company hugely successful or is there more to it than what we theoretically
comprehend? The employment context of conflict looks at the structural approach
of the matter, including issues pertaining the nature of work, organisation
design and policies, and also leadership and management style.


                  Rahim, Brown and Graham (2011)
highlight two main issues of workplace conflicts that are the nature of work is
to be ‘over worked and under paid’ and the regulation and management of labour
by organisations. This suggested that conflict is bound to surface in any
firm’s work process and management. Organisation leaders are in fact
responsible in designing the work environment for employees as this can have a
substantial impact on productivity and overall wellbeing of employees. Nonetheless,
Saundry and Wibberly (2014) argue that there has been an erosion of
organisations’ capacity in responding to workplace conflicts and that managers
feel unequipped to face such discords. In addition, they suggest that
assumptions of a manager’s natural ability to orchestrate workplace conflict is
futile. If that is the case, whom is it now to blame for workplace conflict if
those with positions of power are innocent?


Building from the role of managers, McGregor’s (1960) motivational
proposition of ‘Theory X and Theory Y’ illustrates clearly the situations that
classifies the nature of a manager practicing either authoritative management
or participative management. Despite being criticised as a self-fulfilling
prophecy, McGregor’s work acts as an ideal measurement tool to identify the strong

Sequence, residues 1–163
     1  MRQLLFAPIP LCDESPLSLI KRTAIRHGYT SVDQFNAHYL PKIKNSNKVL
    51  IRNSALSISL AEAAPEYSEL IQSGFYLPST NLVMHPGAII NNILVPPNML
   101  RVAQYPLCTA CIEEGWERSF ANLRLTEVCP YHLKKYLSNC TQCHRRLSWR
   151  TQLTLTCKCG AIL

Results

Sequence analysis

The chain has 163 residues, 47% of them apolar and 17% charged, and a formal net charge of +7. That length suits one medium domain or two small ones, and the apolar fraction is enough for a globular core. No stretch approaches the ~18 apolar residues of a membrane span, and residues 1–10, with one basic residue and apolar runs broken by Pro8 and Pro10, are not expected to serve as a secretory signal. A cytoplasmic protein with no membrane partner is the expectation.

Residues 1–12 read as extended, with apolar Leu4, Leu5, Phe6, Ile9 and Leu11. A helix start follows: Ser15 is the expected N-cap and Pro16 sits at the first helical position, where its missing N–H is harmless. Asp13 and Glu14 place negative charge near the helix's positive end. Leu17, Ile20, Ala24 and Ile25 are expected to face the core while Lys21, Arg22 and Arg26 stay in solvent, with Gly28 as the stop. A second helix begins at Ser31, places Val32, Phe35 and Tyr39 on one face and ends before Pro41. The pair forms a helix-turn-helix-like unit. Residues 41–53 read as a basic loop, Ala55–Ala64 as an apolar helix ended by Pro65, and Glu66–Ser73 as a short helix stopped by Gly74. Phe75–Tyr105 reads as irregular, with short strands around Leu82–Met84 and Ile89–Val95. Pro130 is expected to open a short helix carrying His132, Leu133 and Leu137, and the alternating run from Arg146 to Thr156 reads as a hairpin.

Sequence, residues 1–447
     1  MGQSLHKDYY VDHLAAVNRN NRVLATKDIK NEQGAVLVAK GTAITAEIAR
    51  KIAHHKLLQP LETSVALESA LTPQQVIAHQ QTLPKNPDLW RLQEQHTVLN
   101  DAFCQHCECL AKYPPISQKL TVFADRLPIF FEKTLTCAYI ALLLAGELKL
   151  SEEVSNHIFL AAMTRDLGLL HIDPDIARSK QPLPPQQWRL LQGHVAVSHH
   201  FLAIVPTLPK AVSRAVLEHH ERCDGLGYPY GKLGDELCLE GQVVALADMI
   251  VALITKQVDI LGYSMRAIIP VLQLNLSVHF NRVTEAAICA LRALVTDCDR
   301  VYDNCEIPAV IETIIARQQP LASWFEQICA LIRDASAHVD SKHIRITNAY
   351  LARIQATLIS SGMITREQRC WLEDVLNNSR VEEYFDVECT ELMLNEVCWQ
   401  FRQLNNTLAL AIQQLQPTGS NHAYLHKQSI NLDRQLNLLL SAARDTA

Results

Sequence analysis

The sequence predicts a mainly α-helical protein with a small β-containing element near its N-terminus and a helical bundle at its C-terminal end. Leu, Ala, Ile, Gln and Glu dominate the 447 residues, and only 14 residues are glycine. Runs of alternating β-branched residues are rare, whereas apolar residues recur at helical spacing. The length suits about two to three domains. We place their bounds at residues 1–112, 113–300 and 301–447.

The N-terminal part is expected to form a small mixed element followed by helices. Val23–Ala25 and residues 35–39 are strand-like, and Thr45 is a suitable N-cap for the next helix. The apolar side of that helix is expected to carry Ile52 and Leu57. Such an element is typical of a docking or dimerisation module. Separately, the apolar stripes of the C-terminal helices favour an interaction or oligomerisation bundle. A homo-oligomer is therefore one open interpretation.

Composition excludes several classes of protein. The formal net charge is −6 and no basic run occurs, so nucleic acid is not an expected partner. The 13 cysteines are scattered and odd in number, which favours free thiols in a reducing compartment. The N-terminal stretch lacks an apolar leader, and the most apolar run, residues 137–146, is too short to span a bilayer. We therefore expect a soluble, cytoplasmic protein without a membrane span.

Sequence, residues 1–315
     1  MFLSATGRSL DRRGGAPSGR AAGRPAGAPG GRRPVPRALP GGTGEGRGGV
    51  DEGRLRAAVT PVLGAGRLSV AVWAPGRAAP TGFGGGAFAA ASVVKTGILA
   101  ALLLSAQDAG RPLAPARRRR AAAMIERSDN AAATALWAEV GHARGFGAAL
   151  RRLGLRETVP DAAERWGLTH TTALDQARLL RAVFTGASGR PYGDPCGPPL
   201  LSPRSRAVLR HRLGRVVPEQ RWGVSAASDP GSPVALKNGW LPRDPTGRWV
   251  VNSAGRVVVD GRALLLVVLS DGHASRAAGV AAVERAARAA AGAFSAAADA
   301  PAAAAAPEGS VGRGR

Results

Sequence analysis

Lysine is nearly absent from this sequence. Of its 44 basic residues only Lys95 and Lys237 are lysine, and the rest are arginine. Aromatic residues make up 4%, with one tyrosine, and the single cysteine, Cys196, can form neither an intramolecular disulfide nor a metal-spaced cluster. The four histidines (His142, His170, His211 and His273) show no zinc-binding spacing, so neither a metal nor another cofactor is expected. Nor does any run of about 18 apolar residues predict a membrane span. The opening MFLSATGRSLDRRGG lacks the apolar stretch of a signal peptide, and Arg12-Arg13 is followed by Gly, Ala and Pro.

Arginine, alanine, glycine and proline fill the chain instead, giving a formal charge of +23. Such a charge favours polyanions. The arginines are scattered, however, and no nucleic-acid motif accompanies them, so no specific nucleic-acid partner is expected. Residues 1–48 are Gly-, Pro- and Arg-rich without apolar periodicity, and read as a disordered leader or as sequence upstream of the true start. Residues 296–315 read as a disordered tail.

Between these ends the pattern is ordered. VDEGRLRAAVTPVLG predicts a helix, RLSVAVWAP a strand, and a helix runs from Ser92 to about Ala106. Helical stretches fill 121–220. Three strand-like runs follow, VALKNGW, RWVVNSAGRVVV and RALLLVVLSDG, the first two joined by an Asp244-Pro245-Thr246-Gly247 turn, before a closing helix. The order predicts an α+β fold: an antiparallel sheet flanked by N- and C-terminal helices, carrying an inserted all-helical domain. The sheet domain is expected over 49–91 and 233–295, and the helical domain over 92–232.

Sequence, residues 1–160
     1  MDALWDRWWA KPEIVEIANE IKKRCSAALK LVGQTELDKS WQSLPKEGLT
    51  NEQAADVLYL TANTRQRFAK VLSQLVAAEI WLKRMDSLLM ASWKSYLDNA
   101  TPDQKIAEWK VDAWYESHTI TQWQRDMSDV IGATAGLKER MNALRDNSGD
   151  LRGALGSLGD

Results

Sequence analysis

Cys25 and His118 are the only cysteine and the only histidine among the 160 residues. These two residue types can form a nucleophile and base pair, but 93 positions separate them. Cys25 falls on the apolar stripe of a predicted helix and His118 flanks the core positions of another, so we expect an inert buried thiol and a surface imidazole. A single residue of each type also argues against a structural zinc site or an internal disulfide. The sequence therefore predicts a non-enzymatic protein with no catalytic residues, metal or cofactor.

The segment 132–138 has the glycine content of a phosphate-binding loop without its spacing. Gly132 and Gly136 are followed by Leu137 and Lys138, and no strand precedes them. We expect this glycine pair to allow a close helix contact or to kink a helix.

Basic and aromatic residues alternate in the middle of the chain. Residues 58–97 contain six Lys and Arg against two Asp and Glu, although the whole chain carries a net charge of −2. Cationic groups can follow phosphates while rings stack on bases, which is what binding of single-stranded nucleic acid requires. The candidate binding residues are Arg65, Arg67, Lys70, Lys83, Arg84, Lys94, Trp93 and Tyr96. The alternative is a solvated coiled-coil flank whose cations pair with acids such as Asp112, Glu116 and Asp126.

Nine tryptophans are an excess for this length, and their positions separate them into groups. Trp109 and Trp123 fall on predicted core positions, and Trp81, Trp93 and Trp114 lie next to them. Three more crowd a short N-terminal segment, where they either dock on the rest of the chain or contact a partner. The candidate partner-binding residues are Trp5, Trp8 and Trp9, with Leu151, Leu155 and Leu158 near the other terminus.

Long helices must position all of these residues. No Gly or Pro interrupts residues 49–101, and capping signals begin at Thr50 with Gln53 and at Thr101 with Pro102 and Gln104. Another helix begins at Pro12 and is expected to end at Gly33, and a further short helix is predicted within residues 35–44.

underlying relationship of an authoritative management style with workplace
frictions. This strengthens the notion that ‘conflict is a significant feature
of organisational life’, (UCLAN, 2014).



Legal and Institutional Context


                  From miniscule disagreements between individuals and
groups, similar magnified conflicts could also develop in legal and
institutional contexts. On a macro level, contention at work may involve legal labour
frameworks and employment rights, which have always been pertinent issues since
yesteryear. UK employees spend 1.8 days per week in resolving workplace
conflicts with a total cost to the economy of £24
billion annually (BIS, 2011). This statistic alone proves that employment
disputes have a ‘snowball effect’ when aggregated, in which results to insurmountable
opportunity costs not just for employees, but to the nation itself. From a
legal framework, Gibbons (2007) expresses that the country’s poor employment dispute
resolution system is the aftermath of ‘inflexible, prescriptive regulations’
which in turn manifests into a new nationwide conflict of having a
dysfunctional mechanism that employees actually rely upon. This saw collective
bargaining as the next best option, where employees organise themselves either
formally (i.e. through trade unions) or informally, for a strike to display
public resentment towards employers, usually motivated by the demand of a pay
rise or better working conditions. The choice for a radical conflict resolution
portrays their beliefs and needs of a ‘public display of power’ to challenge
employers when they are self-organised through trade unions or other collective
means. In 2016 however, it is proven otherwise as union memberships fell by